Despite Chevron's announcement this week that it would reassign or lay off roughly 300 employees in the coming months, energy insiders say they do not expect, even amid waning petroleum prices, further cuts in the Kern County oil patch.

Chevron, among the county’s largest oil producers, reported Wednesday it would be slashing 26 percent of its Central California workforce after conducting a months-long review of its West Coast operations — a review it calls the Transformation Project.

The news came roughly one year after Aera Energy, Kern County's other major oil producer, reported it would cut 167 positions as part of a restructuring to make the company “stronger, leaner and more competitive,” according to a news release issued at the time. That news also came after a year-long assessment of its operations.

The company called its operational review Next Aera.

Those moves are part of a larger trend in the oil industry that finds larger corporations adjusting to a new normal. They face a reality dictated by economic shockwaves that linger from mid-2014: low oil prices, tougher regulations and diminished global demand.

Kern County Chief Administrative Officer Ryan Alsop told his colleagues in an email Thursday that Chevron’s announcement was “a startling reminder that we live and work in a county that is reliant and drastically impacted by the price of oil.”

Gas and oil production in Kern County has decreased almost 64 percent since 1997, according to, which compiles statewide industry data. Meanwhile, the price of crude oil has fluctuated in recent years, dropping from a peak of more than $115 per barrel in 2012 to less than $30 in when the market bottomed out in 2016.

And in an April 2017 report, the state Employment Development Department projected a 10 percent decrease in oil and gas extraction jobs in the Bakersfield metropolitan area between 2014 and 2024.

None of that, however, paints a doomsday scenario for the oil industry in Kern County, industry leaders insist.

With almost 80 percent of the state’s active wells located here, Kern County still produces more than 70 percent of the state’s oil and natural gas, according to the Kern Economic Development Corporation. Kern remains the second most prolific oil-producing county in the nation.

“Bigger companies adjust to downturns differently than smaller companies,” Chad Hathaway, founder of Hathaway LLC, an independent Kern County-based oil company, said of Chevron’s layoff announcement. “They can’t make decisions as rapidly as a smaller company. When you hear the word ‘transformation’ I wouldn’t get too alarmed. They’re realizing ‘We’re going to have to transform this company to survive in California.’”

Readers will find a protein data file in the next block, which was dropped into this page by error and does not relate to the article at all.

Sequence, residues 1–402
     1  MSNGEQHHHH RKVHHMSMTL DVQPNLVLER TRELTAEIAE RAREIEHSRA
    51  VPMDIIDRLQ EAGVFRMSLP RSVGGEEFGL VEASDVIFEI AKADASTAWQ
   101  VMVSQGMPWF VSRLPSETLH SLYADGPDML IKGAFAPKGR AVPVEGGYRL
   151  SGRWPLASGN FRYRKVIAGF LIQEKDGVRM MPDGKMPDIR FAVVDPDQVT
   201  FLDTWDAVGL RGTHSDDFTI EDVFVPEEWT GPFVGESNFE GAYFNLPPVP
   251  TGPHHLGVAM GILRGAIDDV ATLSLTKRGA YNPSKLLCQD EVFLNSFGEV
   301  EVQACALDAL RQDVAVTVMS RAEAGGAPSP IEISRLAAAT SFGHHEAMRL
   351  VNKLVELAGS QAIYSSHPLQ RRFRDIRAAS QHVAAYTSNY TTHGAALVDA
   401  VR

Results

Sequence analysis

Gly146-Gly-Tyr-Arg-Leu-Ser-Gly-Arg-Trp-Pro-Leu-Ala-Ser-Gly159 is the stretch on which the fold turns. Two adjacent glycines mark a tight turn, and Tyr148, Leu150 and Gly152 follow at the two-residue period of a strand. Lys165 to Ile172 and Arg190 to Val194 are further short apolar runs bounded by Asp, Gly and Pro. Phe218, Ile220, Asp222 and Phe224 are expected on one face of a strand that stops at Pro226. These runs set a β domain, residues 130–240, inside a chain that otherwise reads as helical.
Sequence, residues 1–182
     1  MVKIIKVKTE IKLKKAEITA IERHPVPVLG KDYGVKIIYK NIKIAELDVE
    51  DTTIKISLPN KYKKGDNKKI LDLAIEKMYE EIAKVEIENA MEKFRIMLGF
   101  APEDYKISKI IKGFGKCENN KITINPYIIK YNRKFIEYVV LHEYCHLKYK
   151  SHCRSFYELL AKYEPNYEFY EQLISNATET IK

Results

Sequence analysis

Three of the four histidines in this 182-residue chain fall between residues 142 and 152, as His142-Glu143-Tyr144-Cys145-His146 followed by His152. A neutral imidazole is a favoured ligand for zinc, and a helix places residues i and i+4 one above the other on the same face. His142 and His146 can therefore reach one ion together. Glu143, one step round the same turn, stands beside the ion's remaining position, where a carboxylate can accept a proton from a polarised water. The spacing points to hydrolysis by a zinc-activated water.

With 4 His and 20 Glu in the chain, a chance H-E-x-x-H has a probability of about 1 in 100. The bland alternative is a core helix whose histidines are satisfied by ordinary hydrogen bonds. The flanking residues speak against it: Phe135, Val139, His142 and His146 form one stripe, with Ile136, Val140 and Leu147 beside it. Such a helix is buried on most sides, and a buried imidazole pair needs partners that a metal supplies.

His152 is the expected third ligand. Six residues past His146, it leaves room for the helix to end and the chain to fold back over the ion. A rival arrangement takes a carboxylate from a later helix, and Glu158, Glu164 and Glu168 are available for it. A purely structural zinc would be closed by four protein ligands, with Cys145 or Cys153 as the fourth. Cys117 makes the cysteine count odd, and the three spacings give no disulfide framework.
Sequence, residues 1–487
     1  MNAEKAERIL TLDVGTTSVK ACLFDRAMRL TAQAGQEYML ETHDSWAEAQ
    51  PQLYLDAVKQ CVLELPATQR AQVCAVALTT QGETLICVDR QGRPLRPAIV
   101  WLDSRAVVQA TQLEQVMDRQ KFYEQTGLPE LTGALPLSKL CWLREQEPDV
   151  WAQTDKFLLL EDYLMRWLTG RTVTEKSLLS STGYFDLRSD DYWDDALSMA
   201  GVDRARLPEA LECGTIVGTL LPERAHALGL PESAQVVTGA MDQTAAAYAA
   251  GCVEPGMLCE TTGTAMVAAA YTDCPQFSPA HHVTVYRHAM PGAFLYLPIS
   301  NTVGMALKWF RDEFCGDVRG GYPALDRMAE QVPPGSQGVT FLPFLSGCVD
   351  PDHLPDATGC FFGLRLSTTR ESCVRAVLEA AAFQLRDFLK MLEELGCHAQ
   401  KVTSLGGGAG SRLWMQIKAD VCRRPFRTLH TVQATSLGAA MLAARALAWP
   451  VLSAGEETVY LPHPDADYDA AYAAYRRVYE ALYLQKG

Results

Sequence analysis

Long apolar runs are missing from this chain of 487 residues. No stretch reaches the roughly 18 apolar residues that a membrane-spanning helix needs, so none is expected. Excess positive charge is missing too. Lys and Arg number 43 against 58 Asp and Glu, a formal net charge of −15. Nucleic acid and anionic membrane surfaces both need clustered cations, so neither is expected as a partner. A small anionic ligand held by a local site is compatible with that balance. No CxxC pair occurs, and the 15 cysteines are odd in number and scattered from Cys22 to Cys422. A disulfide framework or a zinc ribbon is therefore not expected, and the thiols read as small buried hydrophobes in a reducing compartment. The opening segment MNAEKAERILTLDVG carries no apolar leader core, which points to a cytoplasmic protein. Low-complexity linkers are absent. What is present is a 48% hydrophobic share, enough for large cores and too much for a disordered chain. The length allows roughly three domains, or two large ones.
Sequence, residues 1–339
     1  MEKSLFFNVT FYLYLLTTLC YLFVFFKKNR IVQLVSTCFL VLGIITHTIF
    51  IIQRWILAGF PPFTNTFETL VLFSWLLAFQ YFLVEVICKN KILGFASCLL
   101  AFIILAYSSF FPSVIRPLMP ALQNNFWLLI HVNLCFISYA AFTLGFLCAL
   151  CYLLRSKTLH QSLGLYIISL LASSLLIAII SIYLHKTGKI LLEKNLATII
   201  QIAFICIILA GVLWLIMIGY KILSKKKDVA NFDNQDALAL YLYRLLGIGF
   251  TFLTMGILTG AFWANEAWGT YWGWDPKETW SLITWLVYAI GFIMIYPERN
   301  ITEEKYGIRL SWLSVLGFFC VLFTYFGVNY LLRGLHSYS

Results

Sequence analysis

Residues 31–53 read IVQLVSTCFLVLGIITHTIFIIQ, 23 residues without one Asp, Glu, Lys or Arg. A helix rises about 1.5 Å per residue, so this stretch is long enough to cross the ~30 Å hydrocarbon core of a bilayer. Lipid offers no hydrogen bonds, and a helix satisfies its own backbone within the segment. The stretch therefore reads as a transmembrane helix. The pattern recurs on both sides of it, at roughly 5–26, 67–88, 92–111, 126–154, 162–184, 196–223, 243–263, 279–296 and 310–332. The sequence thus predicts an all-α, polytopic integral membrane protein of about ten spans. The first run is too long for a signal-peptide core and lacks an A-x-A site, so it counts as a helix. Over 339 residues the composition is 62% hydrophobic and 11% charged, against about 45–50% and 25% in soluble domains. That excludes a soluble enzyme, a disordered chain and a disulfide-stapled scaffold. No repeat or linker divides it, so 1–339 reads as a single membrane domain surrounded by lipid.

He pointed to tightened oil regulations as a detriment to the industry.

Just 14 new wells were being drilled in California Thursday, according to Baker Hughes, which tracks such developments. The number of new wells is a measuring stick that reflects the industry's pulse.

Nine of those new rigs are in Kern County.

Historically, those figures have been much higher, Hathaway said.

“That tells me there’s a correlation to the regulatory environment in California,” said Hathaway, who added that even with prices where they’re at, he would drill new wells tomorrow if he could. But the state permitting process has held some of his rigs at bay for three or four years, he said.

It’s all red tape, Hathaway said. He can get a permit to drill the well, he said, but in some cases, not for the water disposal well, or to inject steam.

“There’s one cog in every wheel,” Hathaway said.

Les Clark, executive vice president of the Independent Oil Producers Association, said he doesn’t expect any other companies to make cuts in reaction to Chevron's move or in reaction to an unpredictable market.

“I haven’t heard any rumors in the oil patch,” Clark said. “Everybody has their own checkbook. The little guy has his, and Chevron has theirs. Everybody reacts to it different.”

Like Hathaway, Clark blames regulation for the ongoing industry retreat. Clark, who represents roughly 50 members that produce anywhere from 2 or 3 barrels a day to 2,000, said he’s seen at least a couple of companies that have fled the business, victims of diminished profit margins and increasing regulation.

“There’s only so much you can handle before it costs more than what you’re making off a barrel of oil,” Clark said. “Those regulations are the deciding factor for some of the smaller guys.”

Harold Pierce covers education and health for The Californian. He can be reached at 661-395-7404. Follow him on Twitter @RoldyPierce